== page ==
Inspiratory muscle training fails to improve endurance capacity in athletes


Medicine & Science in Sports & Exercise: July 2002 - Volume 34 - Issue 7 - pp 1194-1198
APPLIED SCIENCES: Physical Fitness and Performance

WILLIAMS, J. S., J. WONGSATHIKUN, S. M. BOON, and E. O. ACEVEDO. Inspiratory muscle training fails to improve endurance capacity in athletes. Med. Sci. Sports Exerc., Vol. 34, No. 7, pp. 1194–1198, 2002.

Purpose: The purpose of this study was to examine the effects of specific inspiratory muscle training (IMT) on respiratory muscle strength and endurance and whole-body endurance exercise capacity in competitive endurance athletes.

Methods: Seven collegiate distance runners (5 male/2 female; V̇O2max = 59.9 ± 11.7 mL·kg−1·min−1) were recruited to participate in this study. Initial testing included maximal oxygen consumption (V̇O2max), sustained maximal inspiratory mouth pressure (MIP), breathing endurance time (BET) at 60% MIP, and endurance run time (ERT) at 85% V̇O2max. Heart rate (HR), minute ventilation (V̇E), oxygen consumption (V̇O2), and ratings of perceived dyspnea (RPD) were recorded at 5-min intervals and during the last minute of the endurance run. Blood lactate concentration (BLC) was also obtained immediately before and at 2 min after the endurance run. All testing was repeated after 4 wk of IMT (50–65% MIP, ∼25 min·d−1, 4–5 sessions/week, 4 wk).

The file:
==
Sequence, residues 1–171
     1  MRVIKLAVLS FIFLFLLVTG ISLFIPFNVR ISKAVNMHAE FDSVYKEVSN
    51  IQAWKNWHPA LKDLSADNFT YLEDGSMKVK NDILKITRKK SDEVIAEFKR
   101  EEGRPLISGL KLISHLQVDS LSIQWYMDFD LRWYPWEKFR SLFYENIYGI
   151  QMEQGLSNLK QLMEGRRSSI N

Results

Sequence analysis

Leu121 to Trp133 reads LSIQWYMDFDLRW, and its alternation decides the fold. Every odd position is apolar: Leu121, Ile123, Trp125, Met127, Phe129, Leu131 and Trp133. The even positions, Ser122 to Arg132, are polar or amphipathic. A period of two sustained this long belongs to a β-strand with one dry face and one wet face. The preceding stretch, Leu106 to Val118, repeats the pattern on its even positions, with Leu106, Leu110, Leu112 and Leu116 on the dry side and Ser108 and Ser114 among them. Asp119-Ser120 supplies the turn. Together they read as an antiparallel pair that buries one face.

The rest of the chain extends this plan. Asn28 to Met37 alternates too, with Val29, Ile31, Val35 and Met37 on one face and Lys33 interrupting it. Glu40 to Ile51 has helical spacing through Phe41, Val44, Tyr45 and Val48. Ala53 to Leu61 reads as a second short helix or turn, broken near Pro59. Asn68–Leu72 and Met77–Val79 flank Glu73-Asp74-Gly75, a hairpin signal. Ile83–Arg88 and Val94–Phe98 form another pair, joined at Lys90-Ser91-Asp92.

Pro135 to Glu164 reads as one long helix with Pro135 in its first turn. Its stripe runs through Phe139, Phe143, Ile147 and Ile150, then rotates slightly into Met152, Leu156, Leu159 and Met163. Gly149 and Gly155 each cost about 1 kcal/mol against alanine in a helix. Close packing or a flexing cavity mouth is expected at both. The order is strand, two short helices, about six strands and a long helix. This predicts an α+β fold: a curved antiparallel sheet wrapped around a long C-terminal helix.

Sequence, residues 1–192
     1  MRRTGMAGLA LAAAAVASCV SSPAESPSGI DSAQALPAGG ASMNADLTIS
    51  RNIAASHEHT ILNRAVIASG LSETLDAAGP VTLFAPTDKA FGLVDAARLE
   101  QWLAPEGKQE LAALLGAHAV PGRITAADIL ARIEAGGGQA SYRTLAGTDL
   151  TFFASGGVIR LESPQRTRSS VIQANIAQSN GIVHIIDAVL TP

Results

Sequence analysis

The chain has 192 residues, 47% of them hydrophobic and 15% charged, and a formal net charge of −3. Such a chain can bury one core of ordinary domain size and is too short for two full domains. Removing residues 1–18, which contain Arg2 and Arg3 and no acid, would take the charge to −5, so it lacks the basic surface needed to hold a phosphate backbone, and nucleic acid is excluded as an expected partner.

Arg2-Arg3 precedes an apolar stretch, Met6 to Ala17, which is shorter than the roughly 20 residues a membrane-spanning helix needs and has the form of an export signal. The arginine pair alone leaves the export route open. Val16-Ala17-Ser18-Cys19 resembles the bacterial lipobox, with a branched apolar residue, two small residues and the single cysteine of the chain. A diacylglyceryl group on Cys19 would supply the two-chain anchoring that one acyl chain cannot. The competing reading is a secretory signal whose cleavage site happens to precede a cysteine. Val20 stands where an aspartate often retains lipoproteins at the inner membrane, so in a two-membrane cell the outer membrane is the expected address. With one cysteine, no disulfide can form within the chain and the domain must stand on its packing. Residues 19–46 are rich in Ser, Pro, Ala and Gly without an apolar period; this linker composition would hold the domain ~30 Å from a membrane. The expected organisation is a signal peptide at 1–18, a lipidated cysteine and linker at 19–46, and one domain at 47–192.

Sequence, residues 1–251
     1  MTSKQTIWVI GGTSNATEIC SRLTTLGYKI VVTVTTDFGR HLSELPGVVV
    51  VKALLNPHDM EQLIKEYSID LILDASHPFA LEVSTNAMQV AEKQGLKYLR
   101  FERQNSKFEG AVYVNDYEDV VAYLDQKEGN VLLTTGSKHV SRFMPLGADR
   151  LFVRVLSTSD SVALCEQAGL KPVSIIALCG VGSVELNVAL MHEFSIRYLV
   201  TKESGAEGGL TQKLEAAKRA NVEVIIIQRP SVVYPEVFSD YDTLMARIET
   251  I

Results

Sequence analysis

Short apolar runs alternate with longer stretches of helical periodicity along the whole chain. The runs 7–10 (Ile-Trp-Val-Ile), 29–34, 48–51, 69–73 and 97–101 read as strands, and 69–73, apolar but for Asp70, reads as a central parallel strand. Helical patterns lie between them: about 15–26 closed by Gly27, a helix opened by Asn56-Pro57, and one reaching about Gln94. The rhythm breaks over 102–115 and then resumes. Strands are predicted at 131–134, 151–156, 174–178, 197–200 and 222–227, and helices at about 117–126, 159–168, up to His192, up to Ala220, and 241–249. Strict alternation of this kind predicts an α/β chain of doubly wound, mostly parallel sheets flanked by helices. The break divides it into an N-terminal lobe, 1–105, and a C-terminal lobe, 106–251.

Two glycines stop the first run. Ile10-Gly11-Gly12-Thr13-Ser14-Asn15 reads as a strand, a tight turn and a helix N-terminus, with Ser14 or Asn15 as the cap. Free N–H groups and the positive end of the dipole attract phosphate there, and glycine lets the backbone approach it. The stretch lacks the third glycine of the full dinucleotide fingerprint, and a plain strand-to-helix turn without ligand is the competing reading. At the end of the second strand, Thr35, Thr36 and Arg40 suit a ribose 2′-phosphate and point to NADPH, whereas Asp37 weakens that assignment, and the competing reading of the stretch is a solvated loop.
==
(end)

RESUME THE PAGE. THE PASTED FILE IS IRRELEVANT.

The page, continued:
Results: After 4 wk of IMT, MIP and BET were significantly increased compared with pretraining values (P < 0.05). No significant differences between pre and post values were observed in V̇O2max or ERT at 85% V̇O2max after IMT. No significant differences between pre and post values were detected in HR, V̇E, V̇O2, or RPD during the endurance run as measured at steady state and end of the test after IMT. BLC was not significantly different before or at 2 min after the endurance run between pre and post IMT.

Conclusion: These results suggest that IMT significantly improves respiratory muscle strength and endurance. However, these improvements in respiratory muscle function are not transferable to V̇O2max or endurance exercise capacity as assessed at 85% V̇O2max in competitive athletes.

Department of Health, Exercise & Sport Sciences, Texas Tech University, Lubbock, TX; and Department of Health, Exercise Science, and Recreation Management, The University of Mississippi, University, MS

Submitted for publication August 2001.

Accepted for publication February 2002.

©2002The American College of Sports Medicine